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Anaphylaxis is a potentially life-threatening, physiological reaction triggered by the onset of severe food allergy symptoms. Though an anaphylactic response to a food allergy is rare, individuals with a known, hypersensitive immuno-response to certain foods should be aware of the possibility of anaphylaxis and educate themselves about the symptoms and dangers associated with this potentially fatal allergic reaction. Considered a medical emergency, food allergy and anaphylaxis necessitate prompt, appropriate care to lessen the risk for complication, such as shock and premature death.
A food allergy is a fairly common condition for some individuals that occurs with the consumption of certain foods, such as nuts, dairy products, and shellfish. Under normal circumstances, the body's immune system serves to ward off or fight foreign substances, such as bacteria, by releasing antibodies and histamines. Allergies occur when the immune system is unable to tell the difference between harmless and harmful or known and foreign substances. In its effort to ward off harmful bacteria and allergens, the body produces protein antibodies, known as immunoglobulin E (IgE), to attack and eliminate the foreign presence. It is the release of histamine and IgE that is responsible for allergic reactions and an overproduction and dispersal of these substances that induces anaphylaxis, or anaphylactic shock.
Individuals with food allergies will generally demonstrate a range of symptoms that vary in degree. Mild symptoms include abdominal discomfort, nausea, and diarrhea. Certain individuals may also develop a rash, experience shortness of breath, and facial or widespread swelling. It is only in the presence of a severe food allergy that anaphylaxis may develop.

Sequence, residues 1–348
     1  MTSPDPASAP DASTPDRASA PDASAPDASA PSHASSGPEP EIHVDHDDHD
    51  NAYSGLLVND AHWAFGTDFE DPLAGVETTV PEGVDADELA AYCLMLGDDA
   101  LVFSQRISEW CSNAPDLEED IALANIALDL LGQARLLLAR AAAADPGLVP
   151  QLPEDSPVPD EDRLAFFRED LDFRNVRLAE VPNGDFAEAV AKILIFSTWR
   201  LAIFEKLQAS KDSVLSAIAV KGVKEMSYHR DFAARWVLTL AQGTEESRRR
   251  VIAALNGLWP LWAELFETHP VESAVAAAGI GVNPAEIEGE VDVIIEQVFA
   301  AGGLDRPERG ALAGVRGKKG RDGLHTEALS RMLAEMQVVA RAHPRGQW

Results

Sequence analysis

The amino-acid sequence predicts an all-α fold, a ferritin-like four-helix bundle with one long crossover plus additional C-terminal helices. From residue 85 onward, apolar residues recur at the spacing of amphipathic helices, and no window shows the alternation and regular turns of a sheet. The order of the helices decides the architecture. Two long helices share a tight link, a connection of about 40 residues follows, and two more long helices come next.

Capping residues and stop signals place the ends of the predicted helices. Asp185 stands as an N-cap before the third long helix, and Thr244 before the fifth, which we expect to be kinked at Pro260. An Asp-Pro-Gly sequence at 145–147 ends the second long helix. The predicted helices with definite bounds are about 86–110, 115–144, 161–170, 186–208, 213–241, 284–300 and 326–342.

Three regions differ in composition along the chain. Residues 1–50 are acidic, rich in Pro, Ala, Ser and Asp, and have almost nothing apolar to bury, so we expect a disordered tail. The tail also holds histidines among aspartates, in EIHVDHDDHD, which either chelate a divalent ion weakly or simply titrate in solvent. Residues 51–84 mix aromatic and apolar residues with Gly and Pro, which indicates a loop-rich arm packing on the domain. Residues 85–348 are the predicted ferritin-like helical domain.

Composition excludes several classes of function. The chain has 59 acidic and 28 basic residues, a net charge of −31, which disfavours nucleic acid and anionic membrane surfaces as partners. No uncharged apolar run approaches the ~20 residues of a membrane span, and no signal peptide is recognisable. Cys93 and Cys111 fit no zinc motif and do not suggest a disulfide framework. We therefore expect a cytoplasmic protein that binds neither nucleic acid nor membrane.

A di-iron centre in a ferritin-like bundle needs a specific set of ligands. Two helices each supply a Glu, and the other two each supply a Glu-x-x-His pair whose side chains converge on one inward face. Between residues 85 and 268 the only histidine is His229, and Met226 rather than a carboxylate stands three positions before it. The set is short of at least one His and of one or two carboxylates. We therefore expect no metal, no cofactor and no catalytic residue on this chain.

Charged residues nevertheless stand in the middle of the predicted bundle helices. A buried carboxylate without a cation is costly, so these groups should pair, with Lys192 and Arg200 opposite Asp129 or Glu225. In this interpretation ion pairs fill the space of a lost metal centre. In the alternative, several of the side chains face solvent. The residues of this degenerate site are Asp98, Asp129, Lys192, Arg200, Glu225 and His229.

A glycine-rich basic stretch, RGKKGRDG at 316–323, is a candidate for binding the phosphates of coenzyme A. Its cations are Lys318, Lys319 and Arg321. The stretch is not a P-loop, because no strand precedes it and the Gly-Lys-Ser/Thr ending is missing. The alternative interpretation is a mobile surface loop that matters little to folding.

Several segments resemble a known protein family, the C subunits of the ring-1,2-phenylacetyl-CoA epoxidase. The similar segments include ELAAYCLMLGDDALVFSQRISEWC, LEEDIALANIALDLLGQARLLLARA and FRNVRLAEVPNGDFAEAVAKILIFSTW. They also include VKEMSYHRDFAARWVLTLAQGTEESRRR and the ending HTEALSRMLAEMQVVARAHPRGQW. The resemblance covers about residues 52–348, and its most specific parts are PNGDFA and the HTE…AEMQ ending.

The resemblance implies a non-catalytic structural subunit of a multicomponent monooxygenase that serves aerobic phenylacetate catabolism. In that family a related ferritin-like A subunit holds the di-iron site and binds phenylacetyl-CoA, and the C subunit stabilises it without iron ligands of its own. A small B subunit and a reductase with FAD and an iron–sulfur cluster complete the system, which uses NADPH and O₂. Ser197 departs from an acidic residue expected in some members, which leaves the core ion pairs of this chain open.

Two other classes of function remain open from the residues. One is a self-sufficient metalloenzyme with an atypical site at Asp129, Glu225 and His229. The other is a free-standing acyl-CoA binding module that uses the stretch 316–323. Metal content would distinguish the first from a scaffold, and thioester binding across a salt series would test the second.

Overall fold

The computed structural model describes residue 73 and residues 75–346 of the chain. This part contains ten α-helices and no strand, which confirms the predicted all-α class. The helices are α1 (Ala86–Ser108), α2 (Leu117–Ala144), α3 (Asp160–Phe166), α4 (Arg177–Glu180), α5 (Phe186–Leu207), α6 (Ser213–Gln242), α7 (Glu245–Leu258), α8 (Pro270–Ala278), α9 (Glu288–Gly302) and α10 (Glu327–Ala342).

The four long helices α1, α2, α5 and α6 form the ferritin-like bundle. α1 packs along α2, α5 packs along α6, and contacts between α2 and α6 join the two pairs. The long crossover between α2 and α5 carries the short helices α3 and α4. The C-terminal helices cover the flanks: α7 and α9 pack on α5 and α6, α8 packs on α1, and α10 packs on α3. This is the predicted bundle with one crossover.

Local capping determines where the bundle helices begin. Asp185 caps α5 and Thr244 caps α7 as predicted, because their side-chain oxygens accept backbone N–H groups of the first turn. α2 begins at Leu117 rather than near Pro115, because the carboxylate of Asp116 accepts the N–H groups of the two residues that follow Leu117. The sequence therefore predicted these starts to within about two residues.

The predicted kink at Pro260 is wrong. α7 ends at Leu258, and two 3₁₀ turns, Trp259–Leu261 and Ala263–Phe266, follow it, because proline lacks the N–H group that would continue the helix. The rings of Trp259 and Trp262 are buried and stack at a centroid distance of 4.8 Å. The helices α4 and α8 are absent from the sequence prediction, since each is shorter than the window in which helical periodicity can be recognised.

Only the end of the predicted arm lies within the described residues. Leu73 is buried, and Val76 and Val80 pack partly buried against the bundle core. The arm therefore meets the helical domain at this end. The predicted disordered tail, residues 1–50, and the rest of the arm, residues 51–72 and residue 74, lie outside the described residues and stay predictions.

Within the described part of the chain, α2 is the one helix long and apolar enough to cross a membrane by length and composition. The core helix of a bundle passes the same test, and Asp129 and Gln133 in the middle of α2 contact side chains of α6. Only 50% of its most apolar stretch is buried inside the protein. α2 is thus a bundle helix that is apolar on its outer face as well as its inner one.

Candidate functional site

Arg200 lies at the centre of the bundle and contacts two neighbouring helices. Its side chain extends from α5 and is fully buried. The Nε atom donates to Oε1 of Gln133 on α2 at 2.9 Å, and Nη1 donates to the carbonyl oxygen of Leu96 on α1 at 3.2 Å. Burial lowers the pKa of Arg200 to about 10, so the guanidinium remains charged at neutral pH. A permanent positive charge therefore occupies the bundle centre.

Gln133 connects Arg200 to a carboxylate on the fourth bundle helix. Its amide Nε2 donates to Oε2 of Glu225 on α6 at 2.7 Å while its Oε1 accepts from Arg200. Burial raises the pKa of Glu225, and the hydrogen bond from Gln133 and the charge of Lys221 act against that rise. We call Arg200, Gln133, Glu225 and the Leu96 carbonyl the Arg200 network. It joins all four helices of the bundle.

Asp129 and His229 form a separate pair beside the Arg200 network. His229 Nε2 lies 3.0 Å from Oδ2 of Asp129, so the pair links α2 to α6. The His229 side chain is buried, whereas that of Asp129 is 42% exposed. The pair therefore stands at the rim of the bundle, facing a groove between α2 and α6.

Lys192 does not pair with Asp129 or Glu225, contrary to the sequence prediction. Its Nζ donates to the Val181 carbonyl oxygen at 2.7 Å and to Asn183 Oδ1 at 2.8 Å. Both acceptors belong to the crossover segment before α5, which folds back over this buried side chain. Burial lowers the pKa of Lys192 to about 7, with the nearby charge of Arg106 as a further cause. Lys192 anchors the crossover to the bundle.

Food allergy and anaphylaxis most commonly present with airway constriction followed by the rapid onset of additional signs and symptoms. The individual may experience heart palpitations, difficulty speaking, and impaired cognition. Frequently, individuals experiencing a food allergy and anaphylaxis may wheeze and break out in hives. Airway constriction can rapidly progress and severely impair one’s ability to breathe properly, not only compromising respiration, but jeopardizing neurological and physiological function.
Anaphylaxis is a condition that is easily diagnosed due to its tell-tale signs and symptoms. A patient's prognosis is contingent upon prompt, appropriate treatment. It is essential that emergency services be notified the moment anaphylactic symptoms are noticed. In the absence of immediate medical assistance, symptomatic individuals are at risk for going into shock or cardiac arrest. Prolonged oxygen deprivation resulting from severe airway constriction can result in permanent neurological damage.
Epinephrine may be administered to help alleviate airway constriction and ease respiration. Depending on the severity of airway constriction, individuals in the midst of a food allergy and anaphylaxis reaction may be fitted with a breathing tube inserted through the mouth, nose or trachea. Additionally, intravenous fluids and antihistamine medications may be administered to further assist stabilizing the individual’s condition. To avoid the risk for food allergy and anaphylaxis, individuals with a known allergy are encouraged to avoid identified allergens and, if exposure occurs, that their condition be monitored closely.